Popular Learner Engagement Strategies

Designing Digitally


Methods Used to Increase Learner Engagement

Increasing learner engagement will benefit the company as a whole. When learners are engaged with employee training programs, they become better satisfied with their job, faster problem-solvers, more helpful to their co-workers, and help your organization flourish. This trickles down to your Return on Investment (ROI), in both training and business as a whole.

Working on an engagement strategy includes predicting issues learners might have with the course, learning styles and technical know-how they have, as well as remaining flexible toward change. Below are a few methods proven to increase engagement.

How to Engage Employee Learners

1. Know Your Staff

If your course fails to consider the target audience, the course may fail entirely. Ensure that you maintain an open dialogue between you, your instructional designer or course developer, and your staff. Find out what their learning goals, technical skills, and desired outcomes are. You can learn a lot about your employees’ strengths and weaknesses with surveys, dedicated staff meetings, and other pre-development assessments.

If you have a good understanding of your staff’s needs, you'll have all the necessary information for establishing personalized learning paths once you are ready to start the development process. This means that the course can be molded to each learner's specific needs and goals.

2. Encourage Proactive Learning

Many organizations recognize the importance of employing proactive professionals. These are the people who will put 100% effort into their jobs, are lifelong learners, and will get involved in all work-related endeavors. Unfortunately, it is nearly impossible to hire a full staff who is qualified for their job roles and also checks the box of “proactive professional.”

Thus, it is important to encourage all employees to become proactive learners. A proactive mindset will increase learning engagement and inspire others to rise to the learning challenge.

3. Set Compatible Learning Goals

Clearly state the course learning objectives. Establishing these at the beginning of a course or module will ensure learners know what is expected of them and should prevent any surprises along the way.

Read also: The Importance of Learner Engagement in Online Training and How It Benefits Your Company

4. Use Technology

Technology allows access to a course via a variety of means. Making your course accessible from multiple platforms will allow learners to engage with the content in their own time and at their own pace, regardless of location.

5. Design the Right Content

Content is king! Construct your content so that it considers predicted learner needs, relates to the job requirements, and offers right-on-time instruction. Employee learners are more likely to stay engaged if the training helps them in their daily task completion.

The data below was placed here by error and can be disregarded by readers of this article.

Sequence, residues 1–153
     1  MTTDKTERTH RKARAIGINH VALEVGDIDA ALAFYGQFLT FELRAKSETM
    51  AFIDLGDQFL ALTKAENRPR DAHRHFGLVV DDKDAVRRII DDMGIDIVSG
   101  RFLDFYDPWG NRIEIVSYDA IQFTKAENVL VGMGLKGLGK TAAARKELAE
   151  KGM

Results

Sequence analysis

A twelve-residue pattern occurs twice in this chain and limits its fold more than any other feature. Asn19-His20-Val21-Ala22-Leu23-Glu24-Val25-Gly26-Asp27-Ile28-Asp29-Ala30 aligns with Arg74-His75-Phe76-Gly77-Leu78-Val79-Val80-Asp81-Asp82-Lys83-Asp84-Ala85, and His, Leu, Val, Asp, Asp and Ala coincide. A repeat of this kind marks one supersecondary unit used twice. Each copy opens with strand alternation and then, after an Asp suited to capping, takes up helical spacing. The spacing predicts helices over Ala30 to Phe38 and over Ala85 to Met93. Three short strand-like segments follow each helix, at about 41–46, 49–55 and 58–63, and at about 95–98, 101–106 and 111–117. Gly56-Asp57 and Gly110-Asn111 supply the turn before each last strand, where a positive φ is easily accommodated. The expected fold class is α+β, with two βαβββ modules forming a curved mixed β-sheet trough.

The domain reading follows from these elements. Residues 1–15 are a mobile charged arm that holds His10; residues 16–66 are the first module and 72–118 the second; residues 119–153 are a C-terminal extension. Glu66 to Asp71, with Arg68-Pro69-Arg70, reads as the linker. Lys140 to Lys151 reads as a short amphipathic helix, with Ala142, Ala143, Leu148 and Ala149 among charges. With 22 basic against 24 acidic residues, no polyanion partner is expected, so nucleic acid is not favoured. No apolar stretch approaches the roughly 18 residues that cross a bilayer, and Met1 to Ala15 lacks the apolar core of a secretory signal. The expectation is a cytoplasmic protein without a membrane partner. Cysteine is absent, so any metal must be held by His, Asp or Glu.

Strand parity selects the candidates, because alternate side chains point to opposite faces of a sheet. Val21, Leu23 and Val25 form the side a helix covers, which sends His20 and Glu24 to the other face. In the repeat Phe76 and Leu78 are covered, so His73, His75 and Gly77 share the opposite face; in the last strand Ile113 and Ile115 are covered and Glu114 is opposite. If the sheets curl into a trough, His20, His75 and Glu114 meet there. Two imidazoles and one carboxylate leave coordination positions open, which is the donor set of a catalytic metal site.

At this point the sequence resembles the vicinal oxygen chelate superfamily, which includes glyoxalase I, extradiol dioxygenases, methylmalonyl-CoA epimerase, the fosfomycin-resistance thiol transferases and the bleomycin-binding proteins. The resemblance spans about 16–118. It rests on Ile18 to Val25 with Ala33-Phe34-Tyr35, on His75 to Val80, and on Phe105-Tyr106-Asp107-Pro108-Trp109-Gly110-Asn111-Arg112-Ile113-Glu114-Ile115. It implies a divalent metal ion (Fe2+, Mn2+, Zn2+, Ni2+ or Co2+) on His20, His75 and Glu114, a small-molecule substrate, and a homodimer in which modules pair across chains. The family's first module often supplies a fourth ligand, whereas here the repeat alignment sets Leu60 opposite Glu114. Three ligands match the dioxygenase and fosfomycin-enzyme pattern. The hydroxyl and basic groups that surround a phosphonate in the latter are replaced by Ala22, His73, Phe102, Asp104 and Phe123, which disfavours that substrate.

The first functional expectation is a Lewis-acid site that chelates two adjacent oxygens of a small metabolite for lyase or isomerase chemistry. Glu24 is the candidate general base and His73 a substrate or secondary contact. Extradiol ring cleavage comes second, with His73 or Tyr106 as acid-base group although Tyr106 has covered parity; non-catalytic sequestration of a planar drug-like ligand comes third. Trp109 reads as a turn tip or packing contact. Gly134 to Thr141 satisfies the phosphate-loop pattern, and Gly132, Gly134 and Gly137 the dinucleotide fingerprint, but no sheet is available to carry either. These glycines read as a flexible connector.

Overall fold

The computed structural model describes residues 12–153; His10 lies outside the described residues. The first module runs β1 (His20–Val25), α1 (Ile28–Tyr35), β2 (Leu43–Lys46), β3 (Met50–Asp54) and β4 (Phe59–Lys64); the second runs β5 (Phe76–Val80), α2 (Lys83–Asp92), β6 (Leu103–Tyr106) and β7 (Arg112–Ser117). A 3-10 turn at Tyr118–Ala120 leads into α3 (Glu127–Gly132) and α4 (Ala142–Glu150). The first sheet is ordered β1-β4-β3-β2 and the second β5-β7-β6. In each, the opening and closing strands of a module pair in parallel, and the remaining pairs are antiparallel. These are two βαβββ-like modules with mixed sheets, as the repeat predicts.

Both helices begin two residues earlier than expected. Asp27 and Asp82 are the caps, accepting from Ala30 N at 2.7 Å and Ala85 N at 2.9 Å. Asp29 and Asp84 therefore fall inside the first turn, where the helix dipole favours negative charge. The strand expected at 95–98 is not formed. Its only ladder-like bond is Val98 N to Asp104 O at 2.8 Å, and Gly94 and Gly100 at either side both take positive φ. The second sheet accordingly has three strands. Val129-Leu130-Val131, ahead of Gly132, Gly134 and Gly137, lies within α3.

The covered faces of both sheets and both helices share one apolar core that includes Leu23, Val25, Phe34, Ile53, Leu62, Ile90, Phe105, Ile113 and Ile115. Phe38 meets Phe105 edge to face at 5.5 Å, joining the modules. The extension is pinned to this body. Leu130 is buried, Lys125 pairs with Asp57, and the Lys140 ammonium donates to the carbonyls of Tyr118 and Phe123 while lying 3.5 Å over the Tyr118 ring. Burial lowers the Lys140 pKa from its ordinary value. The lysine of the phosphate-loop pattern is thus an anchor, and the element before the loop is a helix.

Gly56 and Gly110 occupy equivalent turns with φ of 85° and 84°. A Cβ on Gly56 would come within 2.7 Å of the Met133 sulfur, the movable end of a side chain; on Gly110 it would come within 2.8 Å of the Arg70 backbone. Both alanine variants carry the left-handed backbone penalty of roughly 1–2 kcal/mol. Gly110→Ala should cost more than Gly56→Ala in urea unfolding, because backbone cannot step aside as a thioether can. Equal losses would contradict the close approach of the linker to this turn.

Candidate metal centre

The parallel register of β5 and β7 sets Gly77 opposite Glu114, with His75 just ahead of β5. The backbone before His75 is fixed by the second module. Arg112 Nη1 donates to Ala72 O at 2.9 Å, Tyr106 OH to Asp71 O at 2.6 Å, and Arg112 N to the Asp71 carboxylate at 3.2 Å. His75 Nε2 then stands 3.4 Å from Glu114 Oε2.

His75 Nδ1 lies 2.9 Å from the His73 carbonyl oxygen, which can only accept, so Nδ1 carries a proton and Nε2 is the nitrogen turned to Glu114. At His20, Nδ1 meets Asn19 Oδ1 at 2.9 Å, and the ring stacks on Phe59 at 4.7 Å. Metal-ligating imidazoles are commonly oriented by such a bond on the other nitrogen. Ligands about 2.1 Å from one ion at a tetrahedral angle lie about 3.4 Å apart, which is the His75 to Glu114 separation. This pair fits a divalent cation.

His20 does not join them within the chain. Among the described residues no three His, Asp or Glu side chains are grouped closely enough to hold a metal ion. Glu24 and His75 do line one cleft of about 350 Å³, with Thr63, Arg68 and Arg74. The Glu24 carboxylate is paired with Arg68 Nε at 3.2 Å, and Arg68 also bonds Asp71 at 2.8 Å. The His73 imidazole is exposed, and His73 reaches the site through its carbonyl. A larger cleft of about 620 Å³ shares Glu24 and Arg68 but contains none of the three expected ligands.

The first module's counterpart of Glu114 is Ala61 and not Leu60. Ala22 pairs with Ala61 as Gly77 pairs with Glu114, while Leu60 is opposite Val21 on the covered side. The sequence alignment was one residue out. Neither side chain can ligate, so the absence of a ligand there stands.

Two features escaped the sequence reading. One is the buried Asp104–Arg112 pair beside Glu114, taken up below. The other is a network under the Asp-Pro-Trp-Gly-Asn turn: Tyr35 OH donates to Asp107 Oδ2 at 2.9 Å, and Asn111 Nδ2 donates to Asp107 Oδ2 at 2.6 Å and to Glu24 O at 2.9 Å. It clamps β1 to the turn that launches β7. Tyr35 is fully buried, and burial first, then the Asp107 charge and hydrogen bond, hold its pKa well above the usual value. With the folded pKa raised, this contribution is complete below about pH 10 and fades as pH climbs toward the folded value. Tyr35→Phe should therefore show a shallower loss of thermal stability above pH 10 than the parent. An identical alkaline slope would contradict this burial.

6. Stimulate Conversation and Collaboration

Facilitate various ways for employees to talk about the course content and encourage them to do collaborative work. This will engage them further because it enables peer-to-peer (P2P) learning and builds an education-centered culture in the workplace.

7. Make it Fun

Building a fun training program is not a requirement, but it is definitely beneficial. It may even help appeal to learners with the lowest apparent engagement.

Read also: How to Overcome the Challenges of Disengaged Online Learners

Engaged Learning at Work

1. Nurture a Learning Culture

Engaging learners by using the above tips will set the base for a workplace learning culture. You want curious employees who ask questions and challenge the status quo.

2. Set up a Feedback Loop

It is important to give learners immediate and end-of-course feedback about their progress. Similarly, allowing feedback to travel from them to you will help improve the training experience and increases the chances for successful completion.

3. Provide Incentives

Learners react positively to real-world rewards which incentivize engagement. Rewards such as badges and leaderboards can make learning feel like playing. You can also offer tangible rewards, such as days off, day trips, and free lunches. Receiving a certification upon completion may also boost student self-confidence and engagement with the course.

4. Allow for Self-Paced Learning

Employees already experience some degree of stress in their job. Training should not add to that stress. Therefore, presenting a self-paced learning experience can limit stress related to temporal pressure, which can impact performance in the course.

5. Involve Managing Staff

If your managers are excited about the training program, they will inspire their team. Include department leaders in the process by relaying the course objectives to them and enlisting them in meetings and discussion boards where experiences can be exchanged.

6. Include Social Learning

If you want managers to be in constant communication, you will want to facilitate a similar social learning environment for your employees. Cultivate social interaction through webinars, social media channels, and discussion forums.

7. Collect Data, Analyze, Redesign

Make sure to plan for data collection and analysis during the initial course design process. You need to be able to see how learners progress through the course, which modules are successful, and which need improvement. Doing this will help the course stay flexible and it will be easy to implement required changes. Employees will appreciate your efforts to customize the content to their needs and you will see increased learner engagement.

To learn more about learner engagement and to determine what works best for your employees, download the full eBook today!